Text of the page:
Immigration law at one time allowed the parents of a child born here to apply for and achieve legal status. That procedure was eliminated during a period of harsher feelings toward immigration policy, and possibly also influenced by higher unemployment rates brought on by generally poor economic factors. California and other jurisdictions now must deport the undocumented parents of a United States citizen. As discussed in a prior blog, with respect to younger children born here, this is done rather unceremoniously in a manner that destroys the family unit.
More than 1.5 million California children have at least one parent who is here illegally, according to an investigative report published by the University of Southern California. According to a USC sociologist, the parents’ immigration status has a dramatic effect on the economic, educational and sociological development of the children who have citizenship. The parents’ status continues to affect those children even in their later, grown-up lives.
For one thing, children with citizenship but with illegal parents tend to live in lower socioeconomic neighborhoods, have insufficient funds and resources and face severe social stigma due to their parents’ status. Even if a child who has citizenship goes on to graduate from a graduate school and pursue a career, he or she will be hampered often by engaging in extraordinary efforts to assist the parents and perhaps others. This then hampers the individual from achieving economic stability and success in a career.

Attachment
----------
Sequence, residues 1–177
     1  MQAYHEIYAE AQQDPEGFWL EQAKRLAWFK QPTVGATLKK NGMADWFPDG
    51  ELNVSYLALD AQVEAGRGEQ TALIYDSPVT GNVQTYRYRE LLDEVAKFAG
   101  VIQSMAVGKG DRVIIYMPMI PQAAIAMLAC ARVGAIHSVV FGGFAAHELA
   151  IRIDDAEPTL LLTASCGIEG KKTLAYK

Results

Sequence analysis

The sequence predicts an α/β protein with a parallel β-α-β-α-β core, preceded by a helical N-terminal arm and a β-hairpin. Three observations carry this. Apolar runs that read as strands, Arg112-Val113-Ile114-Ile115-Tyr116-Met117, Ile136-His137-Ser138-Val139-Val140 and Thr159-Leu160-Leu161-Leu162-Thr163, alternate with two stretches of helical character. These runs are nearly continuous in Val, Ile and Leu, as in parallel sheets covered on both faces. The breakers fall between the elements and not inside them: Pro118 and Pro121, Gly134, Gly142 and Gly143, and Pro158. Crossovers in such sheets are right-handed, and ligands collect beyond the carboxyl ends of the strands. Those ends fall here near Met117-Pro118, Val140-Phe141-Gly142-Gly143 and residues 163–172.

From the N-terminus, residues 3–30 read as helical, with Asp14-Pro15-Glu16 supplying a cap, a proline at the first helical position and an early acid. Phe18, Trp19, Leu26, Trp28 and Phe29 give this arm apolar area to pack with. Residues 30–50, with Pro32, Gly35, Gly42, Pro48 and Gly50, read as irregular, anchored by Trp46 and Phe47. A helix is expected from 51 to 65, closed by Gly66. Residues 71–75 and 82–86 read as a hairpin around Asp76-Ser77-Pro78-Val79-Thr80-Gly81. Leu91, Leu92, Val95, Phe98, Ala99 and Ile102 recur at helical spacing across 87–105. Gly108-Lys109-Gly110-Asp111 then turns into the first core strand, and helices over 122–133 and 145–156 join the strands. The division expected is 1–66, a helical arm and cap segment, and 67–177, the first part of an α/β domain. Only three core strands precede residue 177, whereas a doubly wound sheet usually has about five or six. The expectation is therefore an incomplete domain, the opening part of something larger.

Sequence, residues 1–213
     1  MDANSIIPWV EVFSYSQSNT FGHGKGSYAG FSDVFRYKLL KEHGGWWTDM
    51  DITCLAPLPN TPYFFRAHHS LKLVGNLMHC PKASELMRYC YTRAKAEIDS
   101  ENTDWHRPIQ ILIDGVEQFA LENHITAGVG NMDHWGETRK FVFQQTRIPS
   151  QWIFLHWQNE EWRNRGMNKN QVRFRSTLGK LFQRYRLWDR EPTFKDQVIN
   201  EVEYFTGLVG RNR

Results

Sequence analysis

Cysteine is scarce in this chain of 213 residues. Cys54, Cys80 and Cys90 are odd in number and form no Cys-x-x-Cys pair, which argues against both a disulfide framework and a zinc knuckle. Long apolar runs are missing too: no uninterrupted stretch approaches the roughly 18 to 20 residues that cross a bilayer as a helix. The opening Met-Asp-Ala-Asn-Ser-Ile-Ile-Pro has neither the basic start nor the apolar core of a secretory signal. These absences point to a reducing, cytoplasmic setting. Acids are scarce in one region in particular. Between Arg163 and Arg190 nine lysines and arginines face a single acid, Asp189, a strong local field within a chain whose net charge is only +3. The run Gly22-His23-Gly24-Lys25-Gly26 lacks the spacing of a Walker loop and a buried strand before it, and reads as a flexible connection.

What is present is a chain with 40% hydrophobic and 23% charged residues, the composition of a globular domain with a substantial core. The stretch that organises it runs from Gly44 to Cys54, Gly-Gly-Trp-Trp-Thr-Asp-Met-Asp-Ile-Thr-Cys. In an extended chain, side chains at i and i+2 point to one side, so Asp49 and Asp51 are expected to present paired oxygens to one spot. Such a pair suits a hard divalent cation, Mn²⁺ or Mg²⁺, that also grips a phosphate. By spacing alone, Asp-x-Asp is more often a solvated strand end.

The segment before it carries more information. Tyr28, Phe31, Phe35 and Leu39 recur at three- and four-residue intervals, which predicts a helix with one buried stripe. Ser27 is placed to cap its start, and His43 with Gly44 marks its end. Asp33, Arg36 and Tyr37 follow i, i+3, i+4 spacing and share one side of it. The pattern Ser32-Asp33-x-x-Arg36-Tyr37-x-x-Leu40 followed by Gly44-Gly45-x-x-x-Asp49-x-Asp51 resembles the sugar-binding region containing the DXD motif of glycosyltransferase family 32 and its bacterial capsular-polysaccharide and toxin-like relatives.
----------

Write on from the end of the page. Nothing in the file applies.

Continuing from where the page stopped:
The research from USC supports that if the parents can get derivative citizenship through the child it will engender greater mobility upwards into the middle class. Former illegal immigrants who have acquired citizenship get significantly better jobs, improve their education and are socially well-integrated. The children in such a circumstance tend to get a higher education, and the overall outcome is toward a self-perpetuating cycle of economic family stability.
Furthermore, an immigration strategy toward naturalization of the parents brings substantial economic benefits to the economy of California. The increased prosperity of these legalized families adds significantly to the state’s prosperity in terms of much higher tax revenues and higher all-around spending. Furthermore, as boomers retire and other workers leave the state’s workforce, the normalized status of these immigrant families will supply a more educated, economically secure and socially-integrated successor workforce.
Source: scpr.org, “How a parent’s immigration status shapes the economic lives of their US-born children,” Leslie Berestein Rohas, May 10, 2013